After a much-anticipated wait and over five years of dedicated work, students, faculty and alumni of the Department of Aerospace Engineering and Engineering Mechanics were finally able to celebrate the day that their award-winning small satellite—ARMADILLO—was launched and deployed into space.

On Tuesday, June 25 at 2:30 a.m. EDT, the ARMADILLO CubeSat was one of 24 satellites launched from the Kennedy Space Center aboard the U.S. Department of Defense’s first ever SpaceX Falcon Heavy launch vehicle. Once operational, ARMADILLO will focus on tracking and characterizing sub-millimeter space debris orbiting Earth—debris that is currently too small to be tracked from the ground. Space debris can be a hazard to operational spacecraft and currently, Earth telescopes can only track objects larger than 10 cm.

Designed and built in the Texas Spacecraft Laboratory (TSL) at The University of Texas at Austin, ARMADILLO (Atmosphere Related Measurements And Detection of Sub-Millimeter Objects) won first place in the 2013 Air Force Research Laboratory’s University Nanosatellite Program for its CubeSat, small cost-effective satellites that are generally built using commercial off-the shelf electronics components. Since the inception of ARMADILLO, over 100 students across multiple disciplines have worked on the mission.

According to Brandon Jones, a professor of aerospace engineering and engineering mechanics and the director of the TSL, students have been undergoing training in the use of the ground system software and testing all of the hardware components to ensure they are ready for operations once ARMADILLO is operational. The recent move to the new ASE building required the team to disassemble, move and reassemble the ground station over the last six months, so testing all of the components is crucial.

This summer, Zac McLaughlin, aerospace engineering major and chief engineer of ARMADILLO, has been coordinating flight rehearsals to train students in the TSL.

“After I learned how to operate ARMADILLO, I trained the students in the TSL to ensure they were familiar with tracking and ground station software and hardware, as well as the command uplink and telemetry interpretation software used for ARMADILLO,” said McLaughlin. “This involves teaching the students operations principles and how things like the spacecraft’s attitude, temperature and voltages are important. Now that ARMADILLO has been deployed, I am responsible for ensuring that the commands we send to the spacecraft are appropriate, will keep the satellite healthy, and fit with the long-term science goals of the mission.”

According to McLaughlin, TSL will be responsible for directing operations and satellite passes at both UT and Georgia Tech, which is collaborating with TSL to listen to and command ARMADILLO. Texas Engineering students, with help from UT graduate student and former chief engineer, Shivani Patel, along with amateur radio listeners across the world, will assist with ARMADILLO’s initial check out, which will validate the health and performance of the instruments and subsystem components on orbit.
armadillo satellite photoOnce operational, ARMADILLO will focus on tracking and characterizing sub-millimeter space debris orbiting Earth—debris that is currently too small to be tracked from the ground.View more photos.

ARMADILLO consists of three payloads. The major payload—the Piezoelectric Dust Detector (PDD)—will measure the voltage generated by impacts to the spacecraft, helping to determine the size and velocity of the particles that collide with ARMADILLO. It was designed and built by Baylor University’s Center for Astrophysics, Space Physics and Engineering Research (CASPER).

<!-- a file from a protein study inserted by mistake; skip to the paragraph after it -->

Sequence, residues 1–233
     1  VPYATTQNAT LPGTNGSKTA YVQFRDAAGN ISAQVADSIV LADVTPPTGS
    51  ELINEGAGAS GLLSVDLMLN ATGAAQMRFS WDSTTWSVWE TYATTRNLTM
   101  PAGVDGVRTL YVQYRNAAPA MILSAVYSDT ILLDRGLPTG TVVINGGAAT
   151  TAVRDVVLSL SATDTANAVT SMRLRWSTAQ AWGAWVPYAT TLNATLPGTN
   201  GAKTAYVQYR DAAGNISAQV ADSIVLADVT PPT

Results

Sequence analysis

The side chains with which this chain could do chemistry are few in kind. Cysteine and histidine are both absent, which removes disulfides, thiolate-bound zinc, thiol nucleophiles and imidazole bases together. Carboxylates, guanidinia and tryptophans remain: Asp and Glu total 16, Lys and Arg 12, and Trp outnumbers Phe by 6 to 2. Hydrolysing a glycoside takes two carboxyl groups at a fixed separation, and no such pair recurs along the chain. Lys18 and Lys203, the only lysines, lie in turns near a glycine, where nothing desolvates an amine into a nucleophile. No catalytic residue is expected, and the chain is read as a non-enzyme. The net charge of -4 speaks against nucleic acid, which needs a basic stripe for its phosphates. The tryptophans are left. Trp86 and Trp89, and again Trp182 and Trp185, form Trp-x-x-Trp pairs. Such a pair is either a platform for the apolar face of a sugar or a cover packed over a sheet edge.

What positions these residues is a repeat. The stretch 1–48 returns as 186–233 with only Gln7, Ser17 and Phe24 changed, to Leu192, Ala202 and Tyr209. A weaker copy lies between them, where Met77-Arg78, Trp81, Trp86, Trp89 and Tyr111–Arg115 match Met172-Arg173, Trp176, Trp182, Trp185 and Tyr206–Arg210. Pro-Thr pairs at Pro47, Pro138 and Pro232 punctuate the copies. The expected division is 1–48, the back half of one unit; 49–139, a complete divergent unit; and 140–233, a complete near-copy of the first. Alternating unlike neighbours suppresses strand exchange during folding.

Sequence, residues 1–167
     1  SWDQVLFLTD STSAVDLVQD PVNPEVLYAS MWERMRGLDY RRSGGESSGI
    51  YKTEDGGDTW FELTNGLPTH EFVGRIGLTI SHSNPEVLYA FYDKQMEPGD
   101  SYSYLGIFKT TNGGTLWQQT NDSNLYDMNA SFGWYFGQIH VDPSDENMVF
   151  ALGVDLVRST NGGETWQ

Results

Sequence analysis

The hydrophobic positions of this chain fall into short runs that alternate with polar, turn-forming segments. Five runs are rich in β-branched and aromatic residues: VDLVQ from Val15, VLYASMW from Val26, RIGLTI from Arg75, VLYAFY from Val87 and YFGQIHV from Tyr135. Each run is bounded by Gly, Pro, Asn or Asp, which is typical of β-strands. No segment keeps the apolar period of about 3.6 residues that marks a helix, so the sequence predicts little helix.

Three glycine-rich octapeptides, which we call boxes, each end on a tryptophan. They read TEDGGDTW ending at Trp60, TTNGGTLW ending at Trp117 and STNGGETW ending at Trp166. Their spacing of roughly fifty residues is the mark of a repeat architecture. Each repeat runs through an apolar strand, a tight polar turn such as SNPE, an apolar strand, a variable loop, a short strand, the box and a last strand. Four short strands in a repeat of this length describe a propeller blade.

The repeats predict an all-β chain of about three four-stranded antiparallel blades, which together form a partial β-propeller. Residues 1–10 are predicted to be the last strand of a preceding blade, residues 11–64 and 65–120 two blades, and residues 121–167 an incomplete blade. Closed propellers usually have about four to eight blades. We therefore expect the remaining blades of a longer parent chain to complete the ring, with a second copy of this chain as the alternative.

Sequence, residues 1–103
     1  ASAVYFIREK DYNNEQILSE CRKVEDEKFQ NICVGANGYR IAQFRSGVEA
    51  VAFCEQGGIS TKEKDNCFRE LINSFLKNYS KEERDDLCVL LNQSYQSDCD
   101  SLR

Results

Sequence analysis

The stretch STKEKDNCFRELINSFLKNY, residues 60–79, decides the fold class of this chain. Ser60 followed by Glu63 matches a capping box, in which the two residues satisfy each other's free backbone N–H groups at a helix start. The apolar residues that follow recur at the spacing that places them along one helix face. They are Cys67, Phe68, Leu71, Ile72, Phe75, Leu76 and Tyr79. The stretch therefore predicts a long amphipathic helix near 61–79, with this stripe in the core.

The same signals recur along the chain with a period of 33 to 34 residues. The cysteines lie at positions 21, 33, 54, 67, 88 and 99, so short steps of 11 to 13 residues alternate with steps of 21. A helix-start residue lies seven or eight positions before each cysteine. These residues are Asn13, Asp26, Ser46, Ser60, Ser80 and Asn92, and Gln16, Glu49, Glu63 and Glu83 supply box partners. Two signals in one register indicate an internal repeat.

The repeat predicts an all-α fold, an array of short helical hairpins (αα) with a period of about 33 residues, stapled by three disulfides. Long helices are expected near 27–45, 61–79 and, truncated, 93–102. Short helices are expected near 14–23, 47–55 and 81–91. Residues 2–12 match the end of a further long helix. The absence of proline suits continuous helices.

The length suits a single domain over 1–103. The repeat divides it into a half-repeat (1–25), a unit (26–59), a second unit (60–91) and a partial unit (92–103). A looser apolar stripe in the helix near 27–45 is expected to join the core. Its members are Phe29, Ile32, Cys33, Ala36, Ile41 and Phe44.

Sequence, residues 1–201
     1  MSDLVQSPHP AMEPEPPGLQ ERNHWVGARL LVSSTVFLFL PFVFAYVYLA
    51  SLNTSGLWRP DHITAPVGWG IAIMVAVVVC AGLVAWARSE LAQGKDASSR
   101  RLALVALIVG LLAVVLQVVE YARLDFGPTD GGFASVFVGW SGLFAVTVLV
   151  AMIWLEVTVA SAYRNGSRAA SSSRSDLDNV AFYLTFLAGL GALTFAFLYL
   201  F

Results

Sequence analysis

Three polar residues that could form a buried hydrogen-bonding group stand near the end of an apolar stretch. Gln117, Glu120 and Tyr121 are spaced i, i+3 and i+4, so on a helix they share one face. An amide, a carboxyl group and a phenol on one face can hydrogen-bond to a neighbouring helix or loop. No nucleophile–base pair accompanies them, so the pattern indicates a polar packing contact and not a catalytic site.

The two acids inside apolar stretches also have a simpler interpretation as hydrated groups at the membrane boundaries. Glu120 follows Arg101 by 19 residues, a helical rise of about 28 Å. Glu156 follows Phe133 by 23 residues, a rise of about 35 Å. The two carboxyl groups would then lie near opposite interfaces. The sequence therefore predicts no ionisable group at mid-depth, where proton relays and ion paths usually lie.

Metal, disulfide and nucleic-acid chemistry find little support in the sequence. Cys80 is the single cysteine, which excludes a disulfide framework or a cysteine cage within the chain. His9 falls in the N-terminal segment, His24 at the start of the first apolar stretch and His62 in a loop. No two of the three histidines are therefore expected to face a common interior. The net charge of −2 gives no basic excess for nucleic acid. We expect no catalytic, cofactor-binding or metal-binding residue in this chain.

The secondary payload, the FOTON (Fast, Orbital, Tec, Observables, And Navigation), is a GPS receiver built by students in the UT Austin Radionavigation Laboratory which will determine the satellite’s precise location and take measurements of the atmosphere by conducting GPS radio occultation experiments. Successful occultations will allow the Radionavigation Laboratory to monitor and predict space weather.

The final payload is the retroreflector, which was provided to the TSL by the NASA Ames Research Center. Operators in the TSL will point the spacecraft towards a station on the ground in order to conduct laser ranging experiments.

Alexis Zinni at launch site photo
Alexis Zinni, TSL student director, at the launch site on the day ARMADILLO was launched.

Alexis Zinni, the TSL student director and aerospace engineering major, has been working at AFRL this summer as an intern, where she was afforded the opportunity to observe the launch in person. She said so far, this has been the biggest highlight of her life.

“I would not be remiss to say over 100 students have worked on ARMADILLO since its inception in 2013," said Zinni. “Sending our satellite to space commemorates the dedication, grit and talent of these students over the years, and we are so thrilled to bring such an honor to our school. Watching the launch with my own eyes was exhilarating, emotional, and a moment I will never, ever forget.”

From Jones’ perspective, projects like ARMADILLO are invaluable learning experiences that provide opportunities for students to gain firsthand knowledge of what is required to design, construct and operate a spacecraft.

“The impact this project will have for our students cannot be quantified,” said Jones. “ARMADILLO is helping to train our students to be the next generation of spacecraft designers and operators, which goes far beyond what can be done in the classroom. It was conceived of, built, and will be operated by UT Austin students.”

TSL group photoThe Texas Spacecraft Lab was recently selected to participate in a new University Nanosatllite Program for its mission, SERPENT. To learn more about the TSL and their current satellite projects, visit their website